Home >Companies >News >Facebook takes another shot at e-commerce with Shops platform

Taking cues from many tech giants, Facebook is now trying to get small businesses to sell directly from its platform. The feature, called Shops, will be rolling out to both Facebook and Instagram and allows pretty much anyone to set up their own web store using the two platforms and sell from them.

While the company has always been interested in e-commerce, Shops seems to be a direct reaction to the pandemic. “Right now many small businesses are struggling, and with stores closing, more are looking to bring their business online," the company wrote in a blog post. The company already has the Marketplace product, which is more like classifieds for people to list products. With shops, users businesses can list entire catalogues and have users browse and buy products.

“The headroom for growth is ample here," said Sanchit Vir Gogia, analyst, Greyhound Research. “But I think it’s unfair and wrong to say they can compete with Amazon. There may be an initial swing, but a critical part of e-commerce is in ensuring delivery in the last mile, which is an area that takes years to develop," he added. Facebook will also have to figure out warehousing and other aspects too.

Gogia also pointed out that Facebook has failed in attracting businesses to itself earlier, through Marketplace. “They’ve always had the bare minimum to create this was available much earlier. But if they haven’t been able to establish any credibility, that’s a big question mark," he said.

While Facebook hasn’t brought Shops to India just yet, there could be big opportunities here. Small businesses in India have been looking to sell through digital means as footfalls dry up offline thanks to the covid-19 driven lockdowns. In a conversation with Mint earlier, Jasmeet Thind, co-founder of CoutLoot, an offline to online (O2O) and social commerce platform, said his business has seen 3,500 businesses come onboard per day over the past two months. The number stood at approximately a 1000 new businesses per day earlier. CoutLoot has approximately 400,000 businesses on the platform right now.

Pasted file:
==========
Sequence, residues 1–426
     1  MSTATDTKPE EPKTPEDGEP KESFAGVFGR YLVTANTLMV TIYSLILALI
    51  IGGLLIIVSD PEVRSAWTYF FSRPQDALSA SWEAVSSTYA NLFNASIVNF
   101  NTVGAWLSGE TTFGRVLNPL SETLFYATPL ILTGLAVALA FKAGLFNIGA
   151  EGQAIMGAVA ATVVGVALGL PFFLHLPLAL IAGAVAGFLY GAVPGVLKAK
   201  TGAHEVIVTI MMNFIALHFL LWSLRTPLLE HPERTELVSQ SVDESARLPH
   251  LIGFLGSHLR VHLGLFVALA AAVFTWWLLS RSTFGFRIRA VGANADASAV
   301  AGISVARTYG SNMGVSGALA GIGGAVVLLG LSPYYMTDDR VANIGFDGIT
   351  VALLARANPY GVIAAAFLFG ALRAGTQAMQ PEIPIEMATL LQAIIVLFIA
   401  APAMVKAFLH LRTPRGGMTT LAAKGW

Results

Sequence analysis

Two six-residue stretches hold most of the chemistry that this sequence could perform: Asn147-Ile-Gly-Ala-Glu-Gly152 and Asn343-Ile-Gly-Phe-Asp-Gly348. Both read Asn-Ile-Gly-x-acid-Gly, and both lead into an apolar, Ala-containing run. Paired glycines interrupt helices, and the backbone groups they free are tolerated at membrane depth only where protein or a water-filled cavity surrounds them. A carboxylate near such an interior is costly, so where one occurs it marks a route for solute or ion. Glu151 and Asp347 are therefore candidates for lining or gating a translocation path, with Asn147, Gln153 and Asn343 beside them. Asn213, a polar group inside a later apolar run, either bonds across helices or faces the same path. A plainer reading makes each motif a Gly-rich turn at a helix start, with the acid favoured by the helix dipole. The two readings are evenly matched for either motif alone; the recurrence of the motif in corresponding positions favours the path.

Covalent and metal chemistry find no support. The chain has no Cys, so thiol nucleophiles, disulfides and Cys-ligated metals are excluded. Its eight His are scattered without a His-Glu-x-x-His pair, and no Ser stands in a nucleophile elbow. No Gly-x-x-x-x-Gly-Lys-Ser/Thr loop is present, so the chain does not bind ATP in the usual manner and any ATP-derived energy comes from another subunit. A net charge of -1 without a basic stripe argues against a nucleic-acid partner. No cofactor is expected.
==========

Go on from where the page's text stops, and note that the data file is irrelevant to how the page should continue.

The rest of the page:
Anurag Avula, chief executive officer (CEO) and co-founder of Shopamatic, another O2O platform, also said that the influx of merchants had increased due to the pandemic. “Typically we’ve seen people building e-commerce accessories etc. But we have seen quite a few of our merchants bringing essential services," he told Mint in an earlier conversation.

With Shops, Facebook is planning to partner with companies like Shopify, which helps businesses build their shopfronts on the web faster. Facebook will allow customers to get support or track deliveries through Facebook Messenger, WhatsApp or Instagram’s Direct Chat feature.

Of course, Facebook isn’t the only company trying to bring small businesses and merchants online either. Amazon had announced an initiative called Local Stores in India last month, which has the same goals. The company had been running a pilot for this for six months before it was made official. According to Gopal Pillar, VP, Seller Services, Amazon India, “thousands of shopkeepers" are already “taking advantage" of the platform.

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